simple. State your views in an organized way. Be sure to use
facts, not opinions - that way you can feel confident your
letter will be informative and useful to readers.
Give your full name, address and telephone number.
Anonymous letters are generally not published. Editors will
call to confirm that you wrote the letter.
Be thoughtful in your response. Even when you disagree
with what you are responding to, keep your anger in check
and remember the importance of writing a powerful and intelligent
letter. NEVER send a letter written in anger immediately after
Don't get discouraged if your letter is not printed.
Editors receive countless letters. Try again with another
angle to the problem or look for another story to respond
with your Elected Officials (Federal or State):
with your elected official is THE most effective way of influencing
his/her thinking. Here are some suggestions for meeting with
your elected officials:
Make an appointment. Call your Congressperson, Representative
or Senator's office and explain that you are a constituent
of the official and would like to talk to him about medical
marijuana. Be polite but persistent in your request for a
meeting. If the member is not available, schedule an appointment
with his/her Legislative Assistant.
Plan your visit carefully and be prepared. Be clear
about what you want to achieve by writing down three points
that you want to get across. Stick to the bigger issues of
the inhumanity of incarcerating sick people for using an effective,
safe medicine. Refer to specific Florida patients who have
suffered due to the prohibition of medical marijuana.
The 4 P's: Polite, Professional, Prompt and Patient:
Dress neatly in business attire and arrive five minutes before
your meeting is scheduled. Be prepared to wait; Congresspersons
are commonly late, and your meeting may be interrupted or
even canceled, depending on their schedule. If this happens,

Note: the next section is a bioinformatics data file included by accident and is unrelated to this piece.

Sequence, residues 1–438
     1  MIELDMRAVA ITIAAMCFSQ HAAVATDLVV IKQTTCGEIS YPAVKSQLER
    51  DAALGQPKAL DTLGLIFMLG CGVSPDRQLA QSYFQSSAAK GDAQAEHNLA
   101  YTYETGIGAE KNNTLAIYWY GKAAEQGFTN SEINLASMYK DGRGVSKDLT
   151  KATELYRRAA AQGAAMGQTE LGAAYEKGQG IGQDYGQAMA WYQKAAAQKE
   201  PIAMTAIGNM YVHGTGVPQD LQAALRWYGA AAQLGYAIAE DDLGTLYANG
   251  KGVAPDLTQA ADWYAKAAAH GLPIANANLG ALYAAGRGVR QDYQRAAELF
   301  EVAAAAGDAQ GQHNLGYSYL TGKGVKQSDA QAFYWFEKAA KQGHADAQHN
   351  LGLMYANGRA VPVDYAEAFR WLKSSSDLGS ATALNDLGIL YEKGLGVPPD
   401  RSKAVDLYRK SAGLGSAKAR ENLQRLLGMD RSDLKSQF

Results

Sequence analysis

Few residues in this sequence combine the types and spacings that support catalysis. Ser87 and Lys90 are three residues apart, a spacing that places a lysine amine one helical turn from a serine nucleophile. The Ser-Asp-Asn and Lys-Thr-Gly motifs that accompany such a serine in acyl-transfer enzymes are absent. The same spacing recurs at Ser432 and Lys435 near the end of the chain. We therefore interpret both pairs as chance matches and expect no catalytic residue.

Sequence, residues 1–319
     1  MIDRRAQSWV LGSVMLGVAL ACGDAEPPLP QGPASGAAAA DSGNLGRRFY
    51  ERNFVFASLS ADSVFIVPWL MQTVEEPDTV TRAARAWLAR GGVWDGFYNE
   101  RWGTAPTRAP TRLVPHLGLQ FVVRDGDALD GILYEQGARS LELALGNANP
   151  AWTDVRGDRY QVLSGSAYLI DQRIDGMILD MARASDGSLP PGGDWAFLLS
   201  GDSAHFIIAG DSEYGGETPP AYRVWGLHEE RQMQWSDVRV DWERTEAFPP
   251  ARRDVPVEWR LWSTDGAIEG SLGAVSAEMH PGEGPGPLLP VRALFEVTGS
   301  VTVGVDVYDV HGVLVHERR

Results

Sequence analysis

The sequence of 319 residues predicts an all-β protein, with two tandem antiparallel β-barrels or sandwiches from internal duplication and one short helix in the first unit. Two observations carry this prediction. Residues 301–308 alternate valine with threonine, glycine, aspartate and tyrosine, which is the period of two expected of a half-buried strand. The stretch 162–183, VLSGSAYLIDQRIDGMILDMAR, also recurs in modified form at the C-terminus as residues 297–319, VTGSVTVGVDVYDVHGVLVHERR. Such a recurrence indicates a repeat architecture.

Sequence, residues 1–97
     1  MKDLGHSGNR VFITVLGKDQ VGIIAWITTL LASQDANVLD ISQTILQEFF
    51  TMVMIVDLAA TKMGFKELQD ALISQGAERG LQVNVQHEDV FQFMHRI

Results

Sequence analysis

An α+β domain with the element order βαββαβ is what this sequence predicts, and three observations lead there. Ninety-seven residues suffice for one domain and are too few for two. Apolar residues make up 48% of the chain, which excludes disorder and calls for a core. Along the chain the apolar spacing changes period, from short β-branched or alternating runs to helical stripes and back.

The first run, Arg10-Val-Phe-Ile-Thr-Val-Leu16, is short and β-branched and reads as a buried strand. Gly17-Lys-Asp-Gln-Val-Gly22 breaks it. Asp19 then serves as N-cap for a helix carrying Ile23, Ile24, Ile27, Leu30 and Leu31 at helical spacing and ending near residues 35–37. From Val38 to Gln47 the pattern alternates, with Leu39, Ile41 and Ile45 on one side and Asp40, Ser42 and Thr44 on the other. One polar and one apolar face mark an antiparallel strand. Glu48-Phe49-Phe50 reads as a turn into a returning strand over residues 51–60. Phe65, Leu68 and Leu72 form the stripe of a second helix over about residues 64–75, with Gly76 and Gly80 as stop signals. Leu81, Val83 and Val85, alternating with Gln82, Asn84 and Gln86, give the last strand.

ask to continue or reschedule your meeting with a member's
If possible, take two or three constituents, preferably
patients, of the official with you. Designate one spokesperson
for the group. The others should introduce themselves and
briefly explain how medical marijuana availability affects
them. Thank the legislator at the end of the meeting.
Be prepared to answer questions. If you don't know
the answer, admit that you don't and promise to find out and
report back. You will destroy your credibility if you lie
or make up answers. Make a note of the question and contact
us to get an answer. (954-763-1799) Ask for a commitment.
Ask the legislator to support the removal of criminal sanctions
for people to use marijuana as medicine. If he declines to
commit to this position, ask why. Listen carefully to learn
his/her motivations for not supporting your position. Offer
to provide him/her with more information about medical marijuana.
Be realistic. Do not expect a positive response from
the legislator. Remember, your role is to educate him/her
and it may take many visits and letters for him/her to be
able to see the problem from your perspective.
Write a thank-you for the meeting. Be sure to outline the
points that you discussed. Enclose materials about the issue
and include answers to questions that were addressed. Refer
to your meeting in any future correspondence with the official.